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Driving Questions

Page history last edited by Eric Anderson 9 years, 8 months ago

Driving Questions

Good projects start with intriguing questions. Let’s collect our Driving Questions here so we can borrow and build on each other’s ideas. Please add your ideas to the list.


Whose mess is this?


How do we know what’s true?


How have man-made disasters affected our food supplies?


How do disasters shape culture?


How does the planet’s health affect our mental health?


How safe is our water?


Why do we have a love-hate relationship with oil?


Who are the unsung heroes of a crisis?


How can the Principles of Green Chemistry help prevent future disasters?


How can games help us learn about complex environmental systems?


How can we protect a special place (or species)?


Do small steps really make a difference when it comes to energy use? 


What is the impact on children's health? Nutrition, physical, mental, emotional well being?


Can broadcast journalist be objective?


How can students around the world help clean up the spill?


How can students who live far away from the direct impact of the oil spill understand that even the small steps they can make to help in some way, shape or form, matter?


How can students use what they understand in math be applied to understanding the spill?


What is the role and responsibility of human beings in the living world? 


How do changes in the environment (oil or the chemicals they use to absorb the oil) affect the survival of animals in that environment?


How do animals interact and depend on living and nonliving things in the environment?


How does this disaster in off-shore drilling affect relate to local/coastal issues with offshore drilling?


Fight for your life: water wars.  The Gulf Oil Spill is only the latest disaster to affect massive amounts of water, the source of life.  Look at droughts in our Nation and in the world, accidents like Chernobyl, and you'll see more and more that the world is in a simmering war over water.  What about where you live?  What are the challenges to your community and water, and what plans are there for it?  Will you need to fight for your "life", and how?


Can oil production and wildlife coexist?


How can migratory species be protected? (You might choose to focus on sea turtles, birds, or marine mammals.)


How do events in the Gulf of Mexico affect other places?


How do events where we live affect the Gulf of Mexico?


Are Lousiana's wetlands really "America's Wetlands"?


Who's an oil genius? 


What's so tricky about oil?


How can robots help us repair damaged ecosystems, or oil rigs, or prevent further accidents such as the BP Gulf coast oil spill of 2010?

How can we balance our need for oil and oil-based products with taking care of the environment?


How can we assess the environmental considerations associated with the extraction and use of renewable and non-renewable resources?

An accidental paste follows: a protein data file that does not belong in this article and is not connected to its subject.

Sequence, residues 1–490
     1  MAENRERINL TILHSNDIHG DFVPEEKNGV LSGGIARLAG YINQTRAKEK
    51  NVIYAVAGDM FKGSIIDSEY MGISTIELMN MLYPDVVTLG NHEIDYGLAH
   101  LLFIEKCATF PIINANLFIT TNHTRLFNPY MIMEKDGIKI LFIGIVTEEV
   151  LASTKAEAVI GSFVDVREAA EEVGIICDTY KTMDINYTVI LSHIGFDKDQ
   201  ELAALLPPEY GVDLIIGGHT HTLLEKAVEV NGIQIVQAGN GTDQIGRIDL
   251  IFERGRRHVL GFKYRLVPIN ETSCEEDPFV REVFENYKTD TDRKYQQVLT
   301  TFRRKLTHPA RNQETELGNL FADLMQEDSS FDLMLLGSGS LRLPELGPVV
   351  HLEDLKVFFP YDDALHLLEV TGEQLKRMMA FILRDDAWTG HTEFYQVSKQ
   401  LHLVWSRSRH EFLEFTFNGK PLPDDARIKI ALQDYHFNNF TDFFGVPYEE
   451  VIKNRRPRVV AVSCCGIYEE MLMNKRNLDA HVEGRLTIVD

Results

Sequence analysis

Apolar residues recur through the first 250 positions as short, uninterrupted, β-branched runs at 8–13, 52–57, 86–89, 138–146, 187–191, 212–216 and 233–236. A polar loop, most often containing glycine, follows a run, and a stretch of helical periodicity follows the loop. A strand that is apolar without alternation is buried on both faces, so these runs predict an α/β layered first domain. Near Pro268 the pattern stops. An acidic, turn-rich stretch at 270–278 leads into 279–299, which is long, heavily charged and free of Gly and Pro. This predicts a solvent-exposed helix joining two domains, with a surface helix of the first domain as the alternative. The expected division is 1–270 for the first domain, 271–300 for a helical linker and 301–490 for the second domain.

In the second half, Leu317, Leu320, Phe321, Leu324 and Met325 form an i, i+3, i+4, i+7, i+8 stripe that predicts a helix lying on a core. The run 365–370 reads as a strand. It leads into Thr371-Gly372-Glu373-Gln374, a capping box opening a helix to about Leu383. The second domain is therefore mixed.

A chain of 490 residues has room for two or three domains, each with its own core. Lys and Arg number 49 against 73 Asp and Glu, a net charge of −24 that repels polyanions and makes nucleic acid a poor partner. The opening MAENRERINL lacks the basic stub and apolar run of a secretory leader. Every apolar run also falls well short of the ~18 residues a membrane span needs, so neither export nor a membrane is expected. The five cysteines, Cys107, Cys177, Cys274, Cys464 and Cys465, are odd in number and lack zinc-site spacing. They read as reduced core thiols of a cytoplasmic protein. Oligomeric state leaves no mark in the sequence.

How will the evolution of sea life be affected by the oil spill?


How can public policy address the points in the oil production process where a mistake can lead to substantial damage to the environment and people's lives?

Comments (7)

lhoffman said

at 11:47 am on Jul 17, 2010

Can a broadcast journalist be objective?

lhoffman said

at 12:09 pm on Jul 17, 2010

oops - posted my question to the wrong section -
I like my driving questions to be answered yes/no with the reasoning to be formed or changed during the project process. Questions that start off with an assumption do not allow students to make up their own minds and discover their own reasoning.These types of questions could be unit or content questions to be answered in the activities. Can the driving question be made stronger by dropping the word "How"? Does the question ask for a list? If yes, then that could suggest the teacher already has the answer in mind. Driving questions that start with "Why" could suggest that the answer is already yes or no and the students are looking for reasoning even if they don't agree with the original answer. Just something to think about.

Karimah Grayson said

at 12:46 pm on Jul 19, 2010

Is the oil spill used as a political tool for one party against another?

ellen said

at 9:04 am on Jul 20, 2010

I am really having a tough time grappling with this issue since I teach college students in a suburban NJ environment (I teach English).

Christine Cope Pence said

at 9:28 am on Jul 20, 2010

Ellen, take a look at the slide set on my PBL camper page. For English students, you might focus on "communicating the message."

Lisa Soper said

at 9:20 pm on Jul 21, 2010

Those are some very good questions to pose to students.

Michelle Harrison said

at 9:09 pm on Jul 31, 2010

In my area we have the Ocean on one side and the Bay on the other. Many of my students are either from families that depend on seafood or tourist trade for their living or are related to those that do. I would ask them how this would affect them personally as it related to the business end of things, how it would relate to them and their love of visiting the beaches and if they saw any long term effects. I would also ask how the destruction of parts of the food chain would have the potential to cause damage elsewhere within the chain. Is that repairable?

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